Strings in HDF5


The rules around reading & writing string data were redesigned for h5py 3.0. Refer to the h5py 2.10 docs for how to store strings in older versions.

Reading strings

String data in HDF5 datasets is read as bytes by default: bytes objects for variable-length strings, or numpy bytes arrays ('S' dtypes) for fixed-length strings. Use Dataset.asstr() to retrieve str objects.

Variable-length strings in attributes are read as str objects. These are decoded as UTF-8 with surrogate escaping for unrecognised bytes. Fixed-length strings are read as numpy bytes arrays, the same as for datasets.

Storing strings

When creating a new dataset or attribute, Python str or bytes objects will be treated as variable-length strings, marked as UTF-8 and ASCII respectively. Numpy bytes arrays ('S' dtypes) make fixed-length strings. You can use string_dtype() to explicitly specify any HDF5 string datatype.

When writing data to an existing dataset or attribute, data passed as bytes is written without checking the encoding. Data passed as Python str objects is encoded as either ASCII or UTF-8, based on the HDF5 datatype. In either case, null bytes ('\x00') in the data will cause an error.


Fixed-length string datasets will silently truncate longer strings which are written to them. Numpy byte string arrays do the same thing.

Fixed-length strings in HDF5 hold a set number of bytes. It may take multiple bytes to store one character.

What about NumPy’s U type?

NumPy also has a Unicode type, a UTF-32 fixed-width format (4-byte characters). HDF5 has no support for wide characters. Rather than trying to hack around this and “pretend” to support it, h5py will raise an error if you try to store data of this type.

How to store raw binary data

If you have a non-text blob in a Python byte string (as opposed to ASCII or UTF-8 encoded text, which is fine), you should wrap it in a void type for storage. This will map to the HDF5 OPAQUE datatype, and will prevent your blob from getting mangled by the string machinery.

Here’s an example of how to store binary data in an attribute, and then recover it:

>>> binary_blob = b"Hello\x00Hello\x00"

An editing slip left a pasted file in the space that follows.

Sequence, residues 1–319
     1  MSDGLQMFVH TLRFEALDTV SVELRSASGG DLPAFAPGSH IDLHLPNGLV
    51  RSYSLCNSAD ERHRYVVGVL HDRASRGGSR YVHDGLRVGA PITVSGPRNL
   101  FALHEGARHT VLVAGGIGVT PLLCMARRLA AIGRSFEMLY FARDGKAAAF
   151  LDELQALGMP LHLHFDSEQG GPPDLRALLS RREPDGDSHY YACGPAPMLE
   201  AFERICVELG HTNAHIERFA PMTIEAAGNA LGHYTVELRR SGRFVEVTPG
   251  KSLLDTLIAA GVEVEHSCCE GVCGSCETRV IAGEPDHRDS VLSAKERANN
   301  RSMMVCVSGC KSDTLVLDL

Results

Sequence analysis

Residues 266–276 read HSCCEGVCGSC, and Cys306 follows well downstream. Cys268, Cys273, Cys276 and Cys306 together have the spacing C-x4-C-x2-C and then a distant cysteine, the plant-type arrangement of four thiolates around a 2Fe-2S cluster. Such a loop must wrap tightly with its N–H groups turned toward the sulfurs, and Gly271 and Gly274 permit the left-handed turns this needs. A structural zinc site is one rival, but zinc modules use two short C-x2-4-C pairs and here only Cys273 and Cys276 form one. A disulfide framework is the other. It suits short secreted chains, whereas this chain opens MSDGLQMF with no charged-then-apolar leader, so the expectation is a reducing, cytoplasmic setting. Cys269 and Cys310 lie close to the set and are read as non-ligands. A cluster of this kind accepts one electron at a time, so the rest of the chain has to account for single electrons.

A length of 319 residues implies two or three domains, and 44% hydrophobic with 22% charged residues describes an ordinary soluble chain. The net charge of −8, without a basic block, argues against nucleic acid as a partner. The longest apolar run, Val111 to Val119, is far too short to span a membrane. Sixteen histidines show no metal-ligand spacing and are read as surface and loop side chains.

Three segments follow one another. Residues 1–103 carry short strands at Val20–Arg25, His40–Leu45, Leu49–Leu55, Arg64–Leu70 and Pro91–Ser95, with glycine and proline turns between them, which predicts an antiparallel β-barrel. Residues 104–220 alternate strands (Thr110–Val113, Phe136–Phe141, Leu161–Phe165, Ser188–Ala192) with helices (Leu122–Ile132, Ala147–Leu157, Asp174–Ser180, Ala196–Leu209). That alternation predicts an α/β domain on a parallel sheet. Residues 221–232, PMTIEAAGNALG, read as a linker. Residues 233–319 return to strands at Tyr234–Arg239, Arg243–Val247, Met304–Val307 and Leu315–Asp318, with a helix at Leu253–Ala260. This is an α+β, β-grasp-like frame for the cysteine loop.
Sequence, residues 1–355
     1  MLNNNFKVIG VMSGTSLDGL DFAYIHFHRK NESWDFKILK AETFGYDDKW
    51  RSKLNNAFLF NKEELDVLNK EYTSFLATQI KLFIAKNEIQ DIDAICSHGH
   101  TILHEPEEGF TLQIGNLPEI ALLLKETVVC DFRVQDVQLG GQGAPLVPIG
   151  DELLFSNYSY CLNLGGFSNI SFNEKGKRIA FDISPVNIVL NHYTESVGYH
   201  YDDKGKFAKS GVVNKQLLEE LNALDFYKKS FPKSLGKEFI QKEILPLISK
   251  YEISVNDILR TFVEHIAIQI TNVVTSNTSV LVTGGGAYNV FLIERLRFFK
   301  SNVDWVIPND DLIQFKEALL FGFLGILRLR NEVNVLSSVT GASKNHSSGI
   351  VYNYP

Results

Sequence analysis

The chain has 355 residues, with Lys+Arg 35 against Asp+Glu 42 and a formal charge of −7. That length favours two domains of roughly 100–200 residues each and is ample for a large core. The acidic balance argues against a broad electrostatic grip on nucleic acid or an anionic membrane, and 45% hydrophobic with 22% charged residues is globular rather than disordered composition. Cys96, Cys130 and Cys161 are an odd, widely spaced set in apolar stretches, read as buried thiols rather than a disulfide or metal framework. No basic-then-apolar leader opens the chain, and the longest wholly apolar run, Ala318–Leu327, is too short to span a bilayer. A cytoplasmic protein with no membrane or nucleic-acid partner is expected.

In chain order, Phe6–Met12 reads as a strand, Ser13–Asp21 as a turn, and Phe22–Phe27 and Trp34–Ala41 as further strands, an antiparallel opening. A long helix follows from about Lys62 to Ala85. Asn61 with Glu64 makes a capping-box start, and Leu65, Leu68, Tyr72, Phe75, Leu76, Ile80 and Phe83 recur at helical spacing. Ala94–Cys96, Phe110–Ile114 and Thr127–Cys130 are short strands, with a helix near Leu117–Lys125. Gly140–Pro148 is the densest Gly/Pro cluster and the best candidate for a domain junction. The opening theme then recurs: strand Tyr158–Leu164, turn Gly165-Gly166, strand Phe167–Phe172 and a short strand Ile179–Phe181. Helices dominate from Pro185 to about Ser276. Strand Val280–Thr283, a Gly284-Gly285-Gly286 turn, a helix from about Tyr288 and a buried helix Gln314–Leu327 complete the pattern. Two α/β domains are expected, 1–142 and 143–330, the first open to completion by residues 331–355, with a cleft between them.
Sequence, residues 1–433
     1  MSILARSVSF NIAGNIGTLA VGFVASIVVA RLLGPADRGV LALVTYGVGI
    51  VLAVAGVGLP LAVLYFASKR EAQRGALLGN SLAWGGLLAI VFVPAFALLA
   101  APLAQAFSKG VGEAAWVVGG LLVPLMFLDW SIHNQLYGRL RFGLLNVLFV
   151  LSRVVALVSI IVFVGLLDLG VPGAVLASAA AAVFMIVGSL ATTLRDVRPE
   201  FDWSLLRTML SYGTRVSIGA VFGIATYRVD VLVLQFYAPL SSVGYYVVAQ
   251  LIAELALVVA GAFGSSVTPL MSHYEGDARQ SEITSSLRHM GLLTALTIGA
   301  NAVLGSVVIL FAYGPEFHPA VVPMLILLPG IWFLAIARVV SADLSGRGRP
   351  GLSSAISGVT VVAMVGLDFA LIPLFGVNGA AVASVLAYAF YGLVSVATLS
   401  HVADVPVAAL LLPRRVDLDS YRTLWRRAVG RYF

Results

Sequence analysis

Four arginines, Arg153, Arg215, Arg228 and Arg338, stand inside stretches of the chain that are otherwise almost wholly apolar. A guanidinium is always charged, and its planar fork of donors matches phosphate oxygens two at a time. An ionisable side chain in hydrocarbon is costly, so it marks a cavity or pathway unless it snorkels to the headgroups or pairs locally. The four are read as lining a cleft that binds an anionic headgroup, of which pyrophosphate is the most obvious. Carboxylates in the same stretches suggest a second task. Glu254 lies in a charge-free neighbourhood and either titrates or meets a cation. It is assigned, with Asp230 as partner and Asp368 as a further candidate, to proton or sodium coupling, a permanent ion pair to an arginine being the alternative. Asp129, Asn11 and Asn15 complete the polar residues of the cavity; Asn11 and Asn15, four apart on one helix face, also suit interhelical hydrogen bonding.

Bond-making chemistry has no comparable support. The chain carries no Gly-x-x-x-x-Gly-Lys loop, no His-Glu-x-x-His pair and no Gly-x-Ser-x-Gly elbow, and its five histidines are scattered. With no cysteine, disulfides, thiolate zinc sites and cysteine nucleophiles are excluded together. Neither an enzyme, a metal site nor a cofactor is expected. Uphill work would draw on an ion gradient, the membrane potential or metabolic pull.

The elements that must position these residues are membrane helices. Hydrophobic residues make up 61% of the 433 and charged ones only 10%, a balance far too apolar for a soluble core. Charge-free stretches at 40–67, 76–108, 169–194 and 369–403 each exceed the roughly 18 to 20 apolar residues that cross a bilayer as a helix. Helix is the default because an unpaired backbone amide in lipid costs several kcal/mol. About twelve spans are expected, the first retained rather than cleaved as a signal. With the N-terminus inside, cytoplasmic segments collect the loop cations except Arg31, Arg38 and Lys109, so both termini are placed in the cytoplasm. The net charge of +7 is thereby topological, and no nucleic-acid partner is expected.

>>> dset.attrs["attribute_name"] = np.void(binary_blob)
>>> out = dset.attrs["attribute_name"]
>>> binary_blob = out.tobytes()

Object names

Unicode strings are used exclusively for object names in the file:


You can supply either byte or unicode strings when creating or retrieving objects. If a byte string is supplied, it will be used as-is; Unicode strings will be encoded as UTF-8.

In the file, h5py uses the most-compatible representation; H5T_CSET_ASCII for characters in the ASCII range; H5T_CSET_UTF8 otherwise.

>>> grp = f.create_dataset(b"name")
>>> grp2 = f.create_dataset("name2")


HDF5 supports two string encodings: ASCII and UTF-8. We recommend using UTF-8 when creating HDF5 files, and this is what h5py does by default with Python str objects. If you need to write ASCII for compatibility reasons, you should ensure you only write pure ASCII characters (this can be done by your_string.encode("ascii")), as otherwise your text may turn into mojibake. You can use string_dtype() to specify the encoding for string data.

See also

Joel Spolsky’s introduction to Unicode & character sets

If this section looks like gibberish, try this.

For reading, as long as the encoding metadata is correct, the defaults for Dataset.asstr() will always work. However, HDF5 does not enforce the string encoding, and there are files where the encoding metadata doesn’t match what’s really stored. Most commonly, data marked as ASCII may be in one of the many “Extended ASCII” encodings such as Latin-1. If you know what encoding your data is in, you can specify this using Dataset.asstr(). If you have data in an unknown encoding, you can also use any of the builtin python error handlers.

Variable-length strings in attributes are read as str objects, decoded as UTF-8 with the 'surrogateescape' error handler. If an attribute is incorrectly encoded, you’ll see ‘surrogate’ characters such as '\udcb1' when reading it:

>>> s = "2.0±0.1"
>>> f.attrs["string_good"] = s  # Good - h5py uses UTF-8
>>> f.attrs["string_bad"] = s.encode("latin-1")  # Bad!
>>> f.attrs["string_bad"]

To recover the original string, you’ll need to encode it with UTF-8, and then decode it with the correct encoding:

>>> f.attrs["string_bad"].encode('utf-8', 'surrogateescape').decode('latin-1')

Fixed length strings are different; h5py doesn’t try to decode them:

>>> s = "2.0±0.1"
>>> utf8_type = h5py.string_dtype('utf-8', 30)
>>> ascii_type = h5py.string_dtype('ascii', 30)
>>> f.attrs["fixed_good"] = np.array(s.encode("utf-8"), dtype=utf8_type)
>>> f.attrs["fixed_bad"] = np.array(s.encode("latin-1"), dtype=ascii_type)
>>> f.attrs["fixed_bad"]
>>> f.attrs["fixed_bad"].decode("utf-8")
Traceback (most recent call last):
  File "<input>", line 1, in <module>
UnicodeDecodeError: 'utf-8' codec can't decode byte 0xb1 in position 3: invalid start byte
>>> f.attrs["fixed_bad"].decode("latin-1")

As we get bytes back, we only need to decode them with the correct encoding.